Public investment in agricultural research has declined in the past three years, leading current and former USDA officials to question the role of the U.S. in meeting growing world food demands.
America’s role in global agricultural production was discussed Tuesday night in Lincoln, Neb. at the Heuermann Lecture, "Regaining the U.S. Lead in Agricultural and Natural Resources Research and Education.”
Catherine Woteki, USDA undersecretary for research, education and economics, and Dan Glickman, former U.S. secretary of agriculture presented information on the issue prior to a panel discussion.
Concerns were raised over the falling investments in U.S. agriculture and resulting effects on food production. Glickman spoke to the changing demographics globally, including rising incomes in developing countries which will drive an increased demand for meat and other foods.
The rising population necessitates increased research and development as U.S. farmers and ranchers are limited in land and other resources.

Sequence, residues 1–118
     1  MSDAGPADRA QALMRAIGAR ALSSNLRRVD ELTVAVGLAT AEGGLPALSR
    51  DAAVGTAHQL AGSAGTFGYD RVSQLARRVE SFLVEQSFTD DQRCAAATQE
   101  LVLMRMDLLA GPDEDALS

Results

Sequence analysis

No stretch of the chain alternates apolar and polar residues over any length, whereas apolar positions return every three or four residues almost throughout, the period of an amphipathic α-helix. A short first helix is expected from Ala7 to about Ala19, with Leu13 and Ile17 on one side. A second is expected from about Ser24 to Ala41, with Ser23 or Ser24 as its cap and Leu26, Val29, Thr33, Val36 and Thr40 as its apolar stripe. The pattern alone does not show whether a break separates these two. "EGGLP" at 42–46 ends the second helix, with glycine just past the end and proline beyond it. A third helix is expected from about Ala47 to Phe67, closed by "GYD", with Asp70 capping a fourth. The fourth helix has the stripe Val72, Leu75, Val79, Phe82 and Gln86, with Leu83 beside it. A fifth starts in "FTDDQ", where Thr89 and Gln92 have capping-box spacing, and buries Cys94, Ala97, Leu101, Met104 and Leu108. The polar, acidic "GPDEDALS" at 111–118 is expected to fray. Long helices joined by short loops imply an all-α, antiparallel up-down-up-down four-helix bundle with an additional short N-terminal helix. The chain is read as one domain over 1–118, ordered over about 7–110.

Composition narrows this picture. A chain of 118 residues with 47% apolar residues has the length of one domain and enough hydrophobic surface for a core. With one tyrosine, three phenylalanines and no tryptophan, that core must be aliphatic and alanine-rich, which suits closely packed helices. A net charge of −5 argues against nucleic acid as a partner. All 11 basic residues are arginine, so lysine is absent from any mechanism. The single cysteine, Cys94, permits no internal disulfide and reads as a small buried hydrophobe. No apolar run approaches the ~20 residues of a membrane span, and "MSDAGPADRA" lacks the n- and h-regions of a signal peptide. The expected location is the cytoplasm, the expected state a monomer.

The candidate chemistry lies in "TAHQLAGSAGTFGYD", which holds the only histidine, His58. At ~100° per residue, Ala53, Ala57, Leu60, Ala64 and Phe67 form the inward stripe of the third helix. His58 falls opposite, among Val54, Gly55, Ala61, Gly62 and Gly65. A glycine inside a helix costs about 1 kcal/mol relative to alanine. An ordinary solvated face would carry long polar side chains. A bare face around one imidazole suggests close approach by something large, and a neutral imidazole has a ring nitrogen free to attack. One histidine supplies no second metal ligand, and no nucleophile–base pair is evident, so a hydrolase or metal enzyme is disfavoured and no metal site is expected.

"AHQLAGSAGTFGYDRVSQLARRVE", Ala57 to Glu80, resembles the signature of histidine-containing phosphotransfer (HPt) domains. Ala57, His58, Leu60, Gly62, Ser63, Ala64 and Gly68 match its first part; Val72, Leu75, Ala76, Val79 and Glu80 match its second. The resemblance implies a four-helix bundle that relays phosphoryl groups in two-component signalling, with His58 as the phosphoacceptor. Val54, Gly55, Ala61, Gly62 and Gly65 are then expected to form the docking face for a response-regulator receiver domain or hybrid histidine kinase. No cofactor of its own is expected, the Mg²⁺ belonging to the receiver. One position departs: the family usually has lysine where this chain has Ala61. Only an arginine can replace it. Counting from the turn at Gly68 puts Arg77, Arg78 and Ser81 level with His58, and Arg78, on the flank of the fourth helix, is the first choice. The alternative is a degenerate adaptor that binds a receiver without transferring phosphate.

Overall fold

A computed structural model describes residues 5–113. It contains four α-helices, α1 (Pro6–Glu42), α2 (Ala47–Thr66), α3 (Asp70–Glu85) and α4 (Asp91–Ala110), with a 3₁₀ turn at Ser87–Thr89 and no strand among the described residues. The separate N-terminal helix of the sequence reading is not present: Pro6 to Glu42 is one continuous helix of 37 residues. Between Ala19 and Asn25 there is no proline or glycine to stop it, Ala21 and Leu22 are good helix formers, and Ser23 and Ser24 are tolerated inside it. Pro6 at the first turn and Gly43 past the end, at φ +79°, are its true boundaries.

Changing weather patterns will also affect future production. Glickman says the shift in rain patterns and rising temperatures threaten production efficiencies.
“The global food system is growing more fragile. Ag productivity globally could decline two percent each decade just because of these weather volatilities,” Glickman said.
While the U.S. has decreased its investment in agriculture, other countries continue to research and are gaining status in the field.
Woteki says China has surpassed the United States in spending on agricultural science in the last decade and other countries have considerably increased ag productivity.
Glickman says the U.S. can improve its role in global agricultural production, but it needs heroes. He pointed to a stronger relationship with the public who has lost their connection to the farms that grow the food they eat, but are becoming increasingly interested in the process from farm to table.